Friday, May 17, 2019

Enjoying the sun on the Campo in Siena

How bright were the colours under the Tuscan sky that June, when we spent a few days in Siena. I loved visiting this hilltop city, which almost died because of the Plague way back in the 1400s I think it was, or maybe a bit later ... So many lovely buildings, tiny streets, and very interesting people. The Sienese contrada marchers were out in the early mornings in their mediaeval clothes and their drums, in support of the horses and riders who would represent their city districts in the Palio horse race that takes place in the Campo every year. But as the day warms up, they go home and change and go to their jobs, and the Camp is then taken over with sun-worshippers like these people.

Here's a memory of that time, a small, simple pencil drawing completed in vibrant watercolour. These drawings are simple yet tell so many stories, evoke so many memories, each different for every viewer. For me, it's the narrow streets of Siena that open out into vistas over the surrounding countryside, and the warm stones of the Campo where people love to congregate.

If you find yourself remembering a holiday in Italy long ago, and would like to see more works like this, email me at orla99913 [at]

Be in with a chance to acquire unsual and distinctive works like this and support a living artist at the same time - visit my page on Patreon.

Friday, May 3, 2019

Reclining nude - charcoals on coloured paper

I found this drawing in one of my big portfolios, and I had clearly put it away and forgotten about it. I'm pretty pleased with it, it was a long pose. Do you like it? If you do, I've made it available as a print on Fine Art America. Feel free to visit the page and see what else you like.

Friday, April 26, 2019

Another landscape - Drain near Kilkee, or Ode to Groningen

I learned so much about drawing and painting in that time I lived in Groningen, the Netherlands. Okay, at the time I was very much focused on the human figure, but I was luck in that the tutors kind of left me alone to do my thing and came over to offer critical input - and by critical input I mean constructively critical, in the sense of 'you might like to try this and see how that works for you'.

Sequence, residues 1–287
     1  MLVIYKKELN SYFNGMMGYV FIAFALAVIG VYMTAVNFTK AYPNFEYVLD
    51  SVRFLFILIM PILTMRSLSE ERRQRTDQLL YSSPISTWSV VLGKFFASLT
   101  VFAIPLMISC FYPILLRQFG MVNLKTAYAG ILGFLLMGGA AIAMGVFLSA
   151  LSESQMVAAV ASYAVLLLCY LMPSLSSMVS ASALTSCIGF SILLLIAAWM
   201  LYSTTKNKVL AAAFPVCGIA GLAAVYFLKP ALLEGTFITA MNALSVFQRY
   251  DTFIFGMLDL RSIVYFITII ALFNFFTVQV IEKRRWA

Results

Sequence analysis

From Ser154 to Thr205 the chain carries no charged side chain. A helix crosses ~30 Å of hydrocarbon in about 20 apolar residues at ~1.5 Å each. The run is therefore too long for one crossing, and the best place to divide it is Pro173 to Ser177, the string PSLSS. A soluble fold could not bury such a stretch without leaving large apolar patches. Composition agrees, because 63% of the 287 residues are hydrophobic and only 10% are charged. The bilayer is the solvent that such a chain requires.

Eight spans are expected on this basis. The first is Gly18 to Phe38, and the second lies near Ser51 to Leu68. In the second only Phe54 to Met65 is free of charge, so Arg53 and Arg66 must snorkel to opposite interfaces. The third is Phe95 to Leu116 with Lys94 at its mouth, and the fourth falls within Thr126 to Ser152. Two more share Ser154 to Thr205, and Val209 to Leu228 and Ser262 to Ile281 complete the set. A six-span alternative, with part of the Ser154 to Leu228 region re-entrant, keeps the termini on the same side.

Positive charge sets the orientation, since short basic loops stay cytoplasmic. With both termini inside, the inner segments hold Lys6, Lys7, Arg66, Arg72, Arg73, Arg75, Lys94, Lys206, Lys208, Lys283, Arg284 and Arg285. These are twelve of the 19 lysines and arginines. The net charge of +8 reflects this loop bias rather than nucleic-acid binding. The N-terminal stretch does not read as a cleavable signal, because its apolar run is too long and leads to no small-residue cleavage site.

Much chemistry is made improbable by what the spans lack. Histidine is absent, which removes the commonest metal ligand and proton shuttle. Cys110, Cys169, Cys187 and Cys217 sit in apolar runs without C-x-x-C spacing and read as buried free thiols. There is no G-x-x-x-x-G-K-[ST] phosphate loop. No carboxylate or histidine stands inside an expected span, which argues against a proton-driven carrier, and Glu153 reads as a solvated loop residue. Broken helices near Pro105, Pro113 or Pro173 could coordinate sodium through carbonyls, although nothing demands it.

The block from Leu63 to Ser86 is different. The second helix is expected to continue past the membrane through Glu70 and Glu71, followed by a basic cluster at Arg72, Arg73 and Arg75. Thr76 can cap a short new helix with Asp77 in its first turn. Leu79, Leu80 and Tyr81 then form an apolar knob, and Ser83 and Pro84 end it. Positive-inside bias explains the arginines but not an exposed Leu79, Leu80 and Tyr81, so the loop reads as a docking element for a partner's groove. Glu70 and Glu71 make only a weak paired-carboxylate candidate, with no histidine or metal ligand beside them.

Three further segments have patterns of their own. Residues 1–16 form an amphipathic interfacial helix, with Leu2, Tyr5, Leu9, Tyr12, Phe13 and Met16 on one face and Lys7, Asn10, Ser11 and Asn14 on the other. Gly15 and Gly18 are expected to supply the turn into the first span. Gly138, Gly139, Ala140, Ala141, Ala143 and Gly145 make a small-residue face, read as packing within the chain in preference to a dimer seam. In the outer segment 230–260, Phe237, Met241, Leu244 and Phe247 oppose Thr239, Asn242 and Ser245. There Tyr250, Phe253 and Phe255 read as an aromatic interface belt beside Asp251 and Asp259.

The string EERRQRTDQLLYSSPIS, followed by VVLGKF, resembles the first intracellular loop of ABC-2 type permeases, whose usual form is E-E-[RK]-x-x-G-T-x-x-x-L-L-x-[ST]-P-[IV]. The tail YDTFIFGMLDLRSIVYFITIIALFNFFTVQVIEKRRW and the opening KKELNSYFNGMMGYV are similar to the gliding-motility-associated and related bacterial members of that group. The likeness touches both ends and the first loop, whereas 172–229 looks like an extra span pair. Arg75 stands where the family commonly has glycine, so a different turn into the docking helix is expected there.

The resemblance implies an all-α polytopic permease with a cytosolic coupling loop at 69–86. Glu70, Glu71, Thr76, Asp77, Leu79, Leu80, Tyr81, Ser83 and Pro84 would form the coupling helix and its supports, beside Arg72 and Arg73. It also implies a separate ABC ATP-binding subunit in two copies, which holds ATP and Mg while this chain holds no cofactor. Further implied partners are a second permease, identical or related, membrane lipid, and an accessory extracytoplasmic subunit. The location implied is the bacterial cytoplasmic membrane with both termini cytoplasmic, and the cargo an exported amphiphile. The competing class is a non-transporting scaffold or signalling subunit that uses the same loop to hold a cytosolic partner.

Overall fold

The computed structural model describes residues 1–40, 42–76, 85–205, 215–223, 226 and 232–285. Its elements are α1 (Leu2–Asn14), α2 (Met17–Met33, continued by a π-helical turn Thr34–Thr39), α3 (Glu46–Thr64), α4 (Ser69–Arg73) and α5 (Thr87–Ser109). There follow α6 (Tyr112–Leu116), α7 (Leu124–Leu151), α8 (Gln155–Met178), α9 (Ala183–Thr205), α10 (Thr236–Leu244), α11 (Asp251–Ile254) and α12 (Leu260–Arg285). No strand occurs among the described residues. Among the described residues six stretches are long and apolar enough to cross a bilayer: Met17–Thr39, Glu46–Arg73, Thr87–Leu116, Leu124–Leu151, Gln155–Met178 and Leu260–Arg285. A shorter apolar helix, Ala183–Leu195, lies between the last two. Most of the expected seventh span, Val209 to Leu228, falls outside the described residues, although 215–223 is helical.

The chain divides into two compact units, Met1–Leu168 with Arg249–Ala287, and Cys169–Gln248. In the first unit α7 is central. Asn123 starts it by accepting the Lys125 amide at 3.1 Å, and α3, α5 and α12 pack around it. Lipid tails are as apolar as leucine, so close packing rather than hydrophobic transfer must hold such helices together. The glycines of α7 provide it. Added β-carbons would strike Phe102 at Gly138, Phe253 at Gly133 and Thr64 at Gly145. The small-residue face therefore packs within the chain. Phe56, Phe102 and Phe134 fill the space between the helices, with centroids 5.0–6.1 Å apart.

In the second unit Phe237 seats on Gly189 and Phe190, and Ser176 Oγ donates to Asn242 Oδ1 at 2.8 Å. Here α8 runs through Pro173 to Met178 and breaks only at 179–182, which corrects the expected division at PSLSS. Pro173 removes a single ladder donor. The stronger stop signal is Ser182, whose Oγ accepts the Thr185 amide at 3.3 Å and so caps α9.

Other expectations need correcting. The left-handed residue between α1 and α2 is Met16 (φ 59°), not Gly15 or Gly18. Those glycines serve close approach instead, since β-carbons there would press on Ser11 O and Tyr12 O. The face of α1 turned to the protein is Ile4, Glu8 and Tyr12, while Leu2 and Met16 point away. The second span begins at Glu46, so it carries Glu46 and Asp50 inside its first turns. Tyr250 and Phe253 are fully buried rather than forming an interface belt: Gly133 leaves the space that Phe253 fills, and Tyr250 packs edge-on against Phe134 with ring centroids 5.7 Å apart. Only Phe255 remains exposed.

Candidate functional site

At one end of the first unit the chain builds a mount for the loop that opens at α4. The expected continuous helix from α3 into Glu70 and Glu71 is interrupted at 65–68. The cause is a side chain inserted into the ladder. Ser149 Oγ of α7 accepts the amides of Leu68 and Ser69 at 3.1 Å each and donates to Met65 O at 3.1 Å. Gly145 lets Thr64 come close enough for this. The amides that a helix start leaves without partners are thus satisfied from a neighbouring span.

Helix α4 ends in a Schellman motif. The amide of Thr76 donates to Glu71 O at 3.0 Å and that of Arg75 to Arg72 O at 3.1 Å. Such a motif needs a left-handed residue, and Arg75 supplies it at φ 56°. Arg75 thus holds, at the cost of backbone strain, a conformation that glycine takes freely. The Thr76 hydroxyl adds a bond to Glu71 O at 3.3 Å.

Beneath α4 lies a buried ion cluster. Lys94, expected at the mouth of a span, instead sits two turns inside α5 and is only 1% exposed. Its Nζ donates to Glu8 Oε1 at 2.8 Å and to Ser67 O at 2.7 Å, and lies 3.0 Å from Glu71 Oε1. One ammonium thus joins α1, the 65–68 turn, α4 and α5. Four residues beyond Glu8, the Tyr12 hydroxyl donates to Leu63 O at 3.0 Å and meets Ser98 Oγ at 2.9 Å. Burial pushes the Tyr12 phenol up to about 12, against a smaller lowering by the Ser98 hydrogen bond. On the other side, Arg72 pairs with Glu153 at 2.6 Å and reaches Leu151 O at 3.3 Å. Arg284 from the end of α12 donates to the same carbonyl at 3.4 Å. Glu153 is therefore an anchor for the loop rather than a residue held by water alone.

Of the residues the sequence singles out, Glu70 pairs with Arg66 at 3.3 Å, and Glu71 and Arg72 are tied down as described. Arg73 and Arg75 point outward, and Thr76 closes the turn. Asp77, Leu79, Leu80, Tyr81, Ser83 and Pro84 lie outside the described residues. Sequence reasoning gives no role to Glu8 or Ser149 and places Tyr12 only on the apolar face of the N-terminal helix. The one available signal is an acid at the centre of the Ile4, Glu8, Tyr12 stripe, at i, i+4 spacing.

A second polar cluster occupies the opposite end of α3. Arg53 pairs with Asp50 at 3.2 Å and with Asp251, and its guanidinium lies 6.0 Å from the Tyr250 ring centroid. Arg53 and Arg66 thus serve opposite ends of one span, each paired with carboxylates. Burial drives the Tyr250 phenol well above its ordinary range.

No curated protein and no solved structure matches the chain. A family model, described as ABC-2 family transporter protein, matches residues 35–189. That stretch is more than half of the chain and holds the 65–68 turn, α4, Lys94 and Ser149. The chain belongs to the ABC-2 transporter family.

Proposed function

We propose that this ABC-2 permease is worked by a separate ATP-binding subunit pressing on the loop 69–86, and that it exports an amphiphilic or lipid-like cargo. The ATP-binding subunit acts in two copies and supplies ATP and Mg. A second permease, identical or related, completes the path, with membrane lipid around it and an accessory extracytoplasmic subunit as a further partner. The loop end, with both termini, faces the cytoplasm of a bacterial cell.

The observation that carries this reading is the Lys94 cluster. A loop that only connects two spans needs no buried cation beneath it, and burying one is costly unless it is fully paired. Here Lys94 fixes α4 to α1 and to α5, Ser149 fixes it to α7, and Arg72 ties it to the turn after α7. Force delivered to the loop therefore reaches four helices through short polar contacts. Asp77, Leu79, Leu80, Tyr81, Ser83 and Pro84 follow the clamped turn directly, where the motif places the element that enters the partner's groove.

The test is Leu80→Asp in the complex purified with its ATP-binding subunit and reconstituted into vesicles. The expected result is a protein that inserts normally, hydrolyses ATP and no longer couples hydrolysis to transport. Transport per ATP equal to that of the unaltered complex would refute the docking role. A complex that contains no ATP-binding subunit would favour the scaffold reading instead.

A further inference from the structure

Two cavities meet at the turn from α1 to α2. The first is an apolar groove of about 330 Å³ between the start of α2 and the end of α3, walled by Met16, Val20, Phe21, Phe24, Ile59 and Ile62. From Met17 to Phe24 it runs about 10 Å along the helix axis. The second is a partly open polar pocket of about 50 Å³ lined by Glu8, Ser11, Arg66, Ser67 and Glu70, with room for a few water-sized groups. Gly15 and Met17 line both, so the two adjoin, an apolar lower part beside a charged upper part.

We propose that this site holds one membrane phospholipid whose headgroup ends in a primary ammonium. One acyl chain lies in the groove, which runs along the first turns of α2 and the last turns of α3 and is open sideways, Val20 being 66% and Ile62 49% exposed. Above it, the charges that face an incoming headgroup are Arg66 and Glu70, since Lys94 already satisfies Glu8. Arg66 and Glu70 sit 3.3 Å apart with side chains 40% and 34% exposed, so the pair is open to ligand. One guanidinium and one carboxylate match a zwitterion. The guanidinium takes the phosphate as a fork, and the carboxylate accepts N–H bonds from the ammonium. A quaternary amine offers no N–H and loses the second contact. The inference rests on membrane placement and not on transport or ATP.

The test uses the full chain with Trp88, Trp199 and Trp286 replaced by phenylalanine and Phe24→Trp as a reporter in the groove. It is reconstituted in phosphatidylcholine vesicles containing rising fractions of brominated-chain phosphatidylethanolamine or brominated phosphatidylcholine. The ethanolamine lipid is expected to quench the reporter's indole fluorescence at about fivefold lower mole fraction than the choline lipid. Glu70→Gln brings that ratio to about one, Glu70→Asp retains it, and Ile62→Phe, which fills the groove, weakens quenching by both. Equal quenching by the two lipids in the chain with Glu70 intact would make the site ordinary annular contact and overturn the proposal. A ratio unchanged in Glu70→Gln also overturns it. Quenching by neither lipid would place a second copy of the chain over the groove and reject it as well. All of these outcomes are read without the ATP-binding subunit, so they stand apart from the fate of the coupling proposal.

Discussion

This little landscape is one of two I made in 2018 based on the landscape just south of Kilkee in County Clare, and a local gallery there has indicated they like them.

Groningen, incidentally, is the name of the city and province in the north-east of the Netherlands where my Dutch significant other hails from, and while there are some slight elevations there - known locally as 'terps' (artificial) and De Hondsrug (natural), most of the country is quite flat. The 'dykes' are earthen barriers built to keep the sea out, and in the Netherlands the dykes are straight (!!!) and you'll see lots of drains, and canals and locks and interesting bridges because the inland waterway system is still quite active in the Netherland generally. There are lots of smaller 'polders', areas of land reclaimed from the water. What it comes to water and engineering, you can't beat the Dutch. The huge flood barrier at the mouth of the Rhine is incredible.

If you like this painting, it is currently available through DraĆ­ocht Adare from 1 May 2019, and either Agnes or Andrew will show it to you. 

A nude I found and decided to share

Well, I found several, actually. I decided to investigate making on-demand prints and have created an account in Fine Art America, and here is the link for anyone who is interested:

If you like this, or indeed any of the other images, you can choose your print size or medium to suit your home.

Am mulling over the idea of doing prints of landscapes as well.

Sunday, April 14, 2019

Company of Absence, triptych - all the pieces together

Yesterday I spent some time tidying up photos to post onto my Saatchi page, and the one photo I don't yet have is a photo of the three parts of the triptych put together, but then I remembered the one taken and shared by my cousins Blawnin and Rayleen Clancy. I found it, cropped it and realised that it didn't have the data required in it for the Saatchi crowd (long technical thing, but it does mean that I will be putting the canvases together and photographing the entire thing myself at the earliest opportunity), so I'm posting it here:

My late father had many, many friends. One of them was a poet named Michael Coady, who wrote a beautiful poem that caught the atmosphere of the funeral so well, entitled Company of Absence and it's in his anthology One Another, published by the Gallery Press in 2003. My father was a bit older than Michael, in fact he had been apprenticed to Michael's father when a teenager, and had looked after baby Michael when asked. Michael did say that my dad had encouraged in him a love of the written word, and Dad did the same for me too. I vividly remember at age 14 trying to learn off No Second Troy by Yeats for school the next day, my Dad coming in from the farm smelling of the cows, asking me why I was so annoyed, and then reciting the entire poem from start to finish without any prompting. He knew all of Yeats' poems.

Dad knew hundreds, if not thousands, of songs and stories, and took them with him to the other side, where no doubt he's entertaining the Afterlife generally. Michael was aware of this. So honouring him by writing a wonderful poem was really, really special. You could say that this painting is a visceral reaction to that honour, as well as something that marked a special point in my own personal grief. The last three lines of the poem are quoted on the painting.

I've posted the three panels on Saatchi Online, if you wish to view them individually.

Part 2 is here.